This is just using NumPy to provide random values between 1 and -1 and then getting us a value for the “action” variable via matrix multiplication. If that value is less than 0, the agent would move left. Otherwise, the agent would move right.

Hey! Who Invited Math to the Party?

Yeah, you have to understand some math and some statistics when you get into these contexts. There’s absolutely no way around that. The good news is that the libraries — like NumPy — do much of the work for you. But, just like with anything automated, they don’t do the thinking for you or choose the right techniques for you. You have to know what to apply to those tools and so the mathematical basis of this kind of work is important to level yourself up in.

Given that we just did this bit of math, let’s run our script just to see that you get values:

Running this repeatedly will output a 0 or a 1 depending on the random policy chosen by np.random. Wait. Policy? What policy? In this case, the policy are those policy parameters. But this is only being done for one observation, and the initial one at that, so calling this a “policy” is a bit generous.

So we want to go back to what we did in the previous post and create a way to run multiple steps in the environment until the problem is solved or not. In other words, we want to run episodes. After each episode we reset the environment and run more episodes. Again, that’s what we did in the previous post. But now we’re adding the idea of a policy to the mix.

Incorporate the Policy

So now let’s abandon our development spike script and go back to our cartpole.py script, which is what we ended up with at the end of the second post. Here’s that script is in full, with the addition of NumPy:

Now let’s add our development spike work to that. I’m going to reproduce the entire script here just to make sure you have full context.

What you’re going to end up with here actually isn’t that much more sophisticated than what we did in the second post. You’ll have a bunch of these data points:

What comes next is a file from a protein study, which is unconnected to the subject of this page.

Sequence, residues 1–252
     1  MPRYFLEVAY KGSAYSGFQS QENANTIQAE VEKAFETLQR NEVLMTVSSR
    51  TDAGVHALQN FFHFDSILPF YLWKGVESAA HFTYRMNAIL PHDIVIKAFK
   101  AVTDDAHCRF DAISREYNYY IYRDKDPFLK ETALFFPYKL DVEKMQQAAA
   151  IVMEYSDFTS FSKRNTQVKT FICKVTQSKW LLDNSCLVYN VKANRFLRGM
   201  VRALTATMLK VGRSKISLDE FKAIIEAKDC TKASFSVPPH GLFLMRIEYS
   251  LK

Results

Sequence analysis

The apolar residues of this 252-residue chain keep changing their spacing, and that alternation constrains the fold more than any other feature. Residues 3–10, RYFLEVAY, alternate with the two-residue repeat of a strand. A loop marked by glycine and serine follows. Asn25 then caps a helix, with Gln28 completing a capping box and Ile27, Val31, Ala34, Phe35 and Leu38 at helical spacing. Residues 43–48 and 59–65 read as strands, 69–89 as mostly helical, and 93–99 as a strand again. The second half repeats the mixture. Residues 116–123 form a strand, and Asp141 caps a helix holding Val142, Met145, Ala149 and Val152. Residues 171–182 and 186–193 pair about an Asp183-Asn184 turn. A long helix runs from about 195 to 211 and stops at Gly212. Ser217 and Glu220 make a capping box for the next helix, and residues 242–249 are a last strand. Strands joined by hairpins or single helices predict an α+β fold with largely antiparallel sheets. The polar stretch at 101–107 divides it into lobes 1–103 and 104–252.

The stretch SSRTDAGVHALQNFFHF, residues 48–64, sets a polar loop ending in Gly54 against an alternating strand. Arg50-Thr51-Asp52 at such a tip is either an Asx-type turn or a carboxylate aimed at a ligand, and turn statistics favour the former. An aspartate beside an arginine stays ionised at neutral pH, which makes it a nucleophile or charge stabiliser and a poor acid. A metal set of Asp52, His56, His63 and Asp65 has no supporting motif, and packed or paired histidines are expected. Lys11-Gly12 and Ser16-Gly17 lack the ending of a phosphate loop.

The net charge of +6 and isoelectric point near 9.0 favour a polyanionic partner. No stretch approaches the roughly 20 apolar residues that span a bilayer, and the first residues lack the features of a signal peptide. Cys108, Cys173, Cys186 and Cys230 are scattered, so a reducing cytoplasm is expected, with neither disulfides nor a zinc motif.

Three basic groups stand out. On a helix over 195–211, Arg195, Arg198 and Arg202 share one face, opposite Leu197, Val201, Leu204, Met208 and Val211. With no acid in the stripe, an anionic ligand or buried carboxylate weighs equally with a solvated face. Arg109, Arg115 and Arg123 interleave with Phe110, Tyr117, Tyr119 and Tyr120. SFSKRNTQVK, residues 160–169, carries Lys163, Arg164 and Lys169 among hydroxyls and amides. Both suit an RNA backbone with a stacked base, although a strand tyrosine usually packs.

[-0.01993485  0.02136037 -0.03918042  0.02794792]
0
[-0.01950765 -0.17317844 -0.03862146  0.3080161 ]
1
[-0.02297122  0.02247194 -0.03246114  0.0034075 ]
1
[-0.02252178  0.21804403 -0.03239299 -0.29933799]
0
[-0.0181609   0.02339842 -0.03837975 -0.01704462]
1
[-0.01769293  0.21904917 -0.03872064 -0.32158549]
1
[-0.01331194  0.41470051 -0.04515235 -0.62622356]
1
[-0.00501793  0.61042269 -0.05767682 -0.93277789]
1
[ 0.00719052  0.80627343 -0.07633238 -1.24301307]
1
[ 0.02331599  1.00228749 -0.10119264 -1.55859794]
1
[ 0.04336174  1.1984649  -0.1323646  -1.8810586 ]
0
[ 0.06733104  1.00501012 -0.16998577 -1.63221642]
0
[ 0.08743124  0.81224328 -0.2026301  -1.39696912]
1
Completed after 13 timesteps.
Total Reward: 13.0

What that’s showing you, however, is that we’ve annotated our previous output a bit, showing the action that was taken (0 or 1) and the total reward. Given that the agent gets one point for each move taken, it’s probably not a surprise to you that the total reward (13, above) matches the number of timesteps (also 13).

This is important though if you keep in mind that we started with some initial data science: the parameters that go into what makes an upright pole tip. We’ve now turned that data science into an actionable set of parameters that can be observed to change and, further, can change based on some actions. And that leads us to ask: what have we really done here so far?

Creating a Model

Remember at the end of the last post I talked about models and said we hadn’t done much with that idea yet? Well, now we have. We’ve got a basic model for choosing actions based on observations.

Great, but how does this help us? It helps us because now our problem is that our agent needs to know how to modify these weights to keep the pole standing up. How does the agent know that? To know that, the agent needs some concept of how well it’s doing. And, lucky us, we just said how well it’s doing in our output. For every timestep the agent keeps the pole straight, it gets a positive 1 reward. Therefore, to estimate how good a given set of weights is, the agent can just run an episode until the pole drops and see how much reward it got.

AH HA! Now our reward count makes a little more sense. The higher the reward, the more timesteps we ran. And remember from the first post that the goal is to keep the post upright at least 195 times in a given episode.

This is really important to understand. We now have a basic model and we can run episodes to test how well that model performs. The problem we have is now much simpler: how can the agent select these weights (policy parameters) to receive the highest amount of average reward? That’s equivalent to asking: how does the agent choose what action to take to modify the weights given what it’s observing?

Tester! How ya doin’?

Take a moment to stop here and reflect. Does the progression of activities make sense to you? I’m not trying to insult anyone’s intelligence. On the other hand I’m also specifically not hand-holding through every single nook and cranny that we discuss.

There’s a delicate balance here. What is largely true, however, is that if you are feeling cognitive friction reading these posts, that’s likely the same cognitive friction you will feel in an environment where you have to work on these things. That’s by no means a bad thing!